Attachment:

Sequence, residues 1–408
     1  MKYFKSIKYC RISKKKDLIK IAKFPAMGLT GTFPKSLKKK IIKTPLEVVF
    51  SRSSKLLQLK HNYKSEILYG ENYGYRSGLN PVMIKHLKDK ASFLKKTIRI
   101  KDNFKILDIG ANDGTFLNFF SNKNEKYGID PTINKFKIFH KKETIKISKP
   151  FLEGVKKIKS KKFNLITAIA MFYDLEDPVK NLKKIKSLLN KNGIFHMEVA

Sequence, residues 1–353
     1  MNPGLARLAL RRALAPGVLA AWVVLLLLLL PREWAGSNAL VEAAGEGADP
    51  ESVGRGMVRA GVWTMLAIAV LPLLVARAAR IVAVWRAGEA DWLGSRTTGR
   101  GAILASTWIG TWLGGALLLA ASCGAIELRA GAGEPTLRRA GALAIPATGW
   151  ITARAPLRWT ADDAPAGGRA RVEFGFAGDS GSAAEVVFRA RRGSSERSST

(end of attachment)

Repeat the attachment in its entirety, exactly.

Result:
Sequence, residues 1–408
     1  MKYFKSIKYC RISKKKDLIK IAKFPAMGLT GTFPKSLKKK IIKTPLEVVF
    51  SRSSKLLQLK HNYKSEILYG ENYGYRSGLN PVMIKHLKDK ASFLKKTIRI
   101  KDNFKILDIG ANDGTFLNFF SNKNEKYGID PTINKFKIFH KKETIKISKP
   151  FLEGVKKIKS KKFNLITAIA MFYDLEDPVK NLKKIKSLLN KNGIFHMEVA

Sequence, residues 1–353
     1  MNPGLARLAL RRALAPGVLA AWVVLLLLLL PREWAGSNAL VEAAGEGADP
    51  ESVGRGMVRA GVWTMLAIAV LPLLVARAAR IVAVWRAGEA DWLGSRTTGR
   101  GAILASTWIG TWLGGALLLA ASCGAIELRA GAGEPTLRRA GALAIPATGW
   151  ITARAPLRWT ADDAPAGGRA RVEFGFAGDS GSAAEVVFRA RRGSSERSST